Timber shortages and red tape hindering flood recovery efforts

NSW Farmers is calling for a practical approach to farm forestry on private land.

NSW FARMERS say government red tape is hampering efforts to rebuild homes in flood-ravaged areas amidst a critical timber shortage.

Bronwyn Petrie from the NSW Farmers Conservation and Resource Management Committee said $2 billion a year was being spent on importing timber to rebuild homes while barriers to harvesting sent timber prices soaring and prevented local workers from doing their jobs.

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The situation was getting so dire in some areas, Mrs Petrie said, that the timber industry would be wiped out in those areas, making building supplies even more expensive and limiting farm income.

“We’ve got a serious housing shortage in NSW – rents are skyrocketing, interest rates are going up, and house prices are at record highs as well,” Mrs Petrie said.

“It’s made worse in areas that need rebuilding after fires and floods where people are still living in tents, with these critical timber shortages resulting in higher construction prices for homes, businesses and other infrastructure.

“For years the NSW Government has promised to sort out this over-regulation and thoughtless red tape and now jobs and housing supply are at crisis point.”

NSW Farmers welcomed changes to the Private Native Forestry Code earlier this year, but Mrs Petrie said she was still waiting for promised changes to forestry plans and dual consent.

As part of the forestry review it was clearly identified that increasing forestry plans from fifteen to 30 years and removing dual consent requirements were key to the continuation and growth of farm forestry.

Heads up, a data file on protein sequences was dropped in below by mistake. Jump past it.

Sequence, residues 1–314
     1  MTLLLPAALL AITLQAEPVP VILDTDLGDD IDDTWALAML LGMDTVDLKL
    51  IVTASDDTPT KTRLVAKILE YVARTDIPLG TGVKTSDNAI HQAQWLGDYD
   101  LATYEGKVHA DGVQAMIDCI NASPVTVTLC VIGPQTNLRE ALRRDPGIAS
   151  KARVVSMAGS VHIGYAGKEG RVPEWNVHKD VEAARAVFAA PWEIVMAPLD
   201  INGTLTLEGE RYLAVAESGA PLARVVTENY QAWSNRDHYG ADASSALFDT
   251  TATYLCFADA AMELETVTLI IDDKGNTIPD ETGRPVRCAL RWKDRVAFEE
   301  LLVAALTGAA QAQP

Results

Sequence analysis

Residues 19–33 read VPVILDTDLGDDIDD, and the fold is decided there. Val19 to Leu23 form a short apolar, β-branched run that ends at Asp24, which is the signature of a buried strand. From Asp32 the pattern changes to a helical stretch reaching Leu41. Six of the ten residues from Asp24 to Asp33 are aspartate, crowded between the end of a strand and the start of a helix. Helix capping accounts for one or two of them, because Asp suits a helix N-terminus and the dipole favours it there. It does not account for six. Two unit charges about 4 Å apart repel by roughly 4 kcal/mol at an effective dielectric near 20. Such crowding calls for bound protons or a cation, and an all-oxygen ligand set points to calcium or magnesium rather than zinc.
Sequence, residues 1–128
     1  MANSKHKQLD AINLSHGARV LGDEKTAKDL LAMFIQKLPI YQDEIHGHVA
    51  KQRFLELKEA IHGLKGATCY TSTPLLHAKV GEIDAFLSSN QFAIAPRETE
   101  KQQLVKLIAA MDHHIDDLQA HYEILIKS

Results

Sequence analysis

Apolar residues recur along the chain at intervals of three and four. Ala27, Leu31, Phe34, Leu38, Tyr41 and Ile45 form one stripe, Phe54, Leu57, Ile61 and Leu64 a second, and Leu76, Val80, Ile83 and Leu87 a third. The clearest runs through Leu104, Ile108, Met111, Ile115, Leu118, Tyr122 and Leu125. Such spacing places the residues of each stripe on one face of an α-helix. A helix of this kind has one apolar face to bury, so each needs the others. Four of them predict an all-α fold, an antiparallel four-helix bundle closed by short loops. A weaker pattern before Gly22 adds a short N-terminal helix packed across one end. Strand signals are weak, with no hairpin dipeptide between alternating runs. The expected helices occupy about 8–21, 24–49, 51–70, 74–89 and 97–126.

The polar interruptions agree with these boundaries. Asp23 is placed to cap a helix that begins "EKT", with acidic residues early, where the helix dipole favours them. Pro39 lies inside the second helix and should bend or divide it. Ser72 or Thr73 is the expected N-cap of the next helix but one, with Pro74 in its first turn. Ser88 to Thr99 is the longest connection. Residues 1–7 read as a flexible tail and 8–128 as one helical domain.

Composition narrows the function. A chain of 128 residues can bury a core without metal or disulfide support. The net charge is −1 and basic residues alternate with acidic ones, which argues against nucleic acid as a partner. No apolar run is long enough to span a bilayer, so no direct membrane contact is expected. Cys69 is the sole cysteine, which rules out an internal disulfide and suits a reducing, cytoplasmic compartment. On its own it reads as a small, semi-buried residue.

“Australian forestry is all about sustainability, it makes no sense to be importing timber from some fundamentally unregulated overseas forests when our own heavily regulated forests are available on the doorstep, providing high quality timbers while supporting farmers and local industries, and importantly delivering economic and environmental outcomes,” Mrs Petrie said.

Mrs Petrie said NSW Farmers was calling for a practical approach to farm forestry on private land, which would provide a “win-win” in terms of job creation, building supplies, farm income diversity and disaster preparedness.

“The north of the state has been devastated by floods, and a few years ago they were devastated by fires, and demand for housing materials has led to a critical shortage of timber for construction,” Mrs Petrie said.

“Allowing farmers recovering from fire and floods to diversify their operations with the certainty provided by 30 year farm forestry plans and removal of dual consent will also support the contractors and timber mills that are on their knees.

“We need 30-year approvals that meet the reality of natural timber growth cycles – administered by the specialised team in Local Land Services – long-term environmental and productive sustainable forest management, and importantly the rebuilding of our flood and fire-ravaged areas.”

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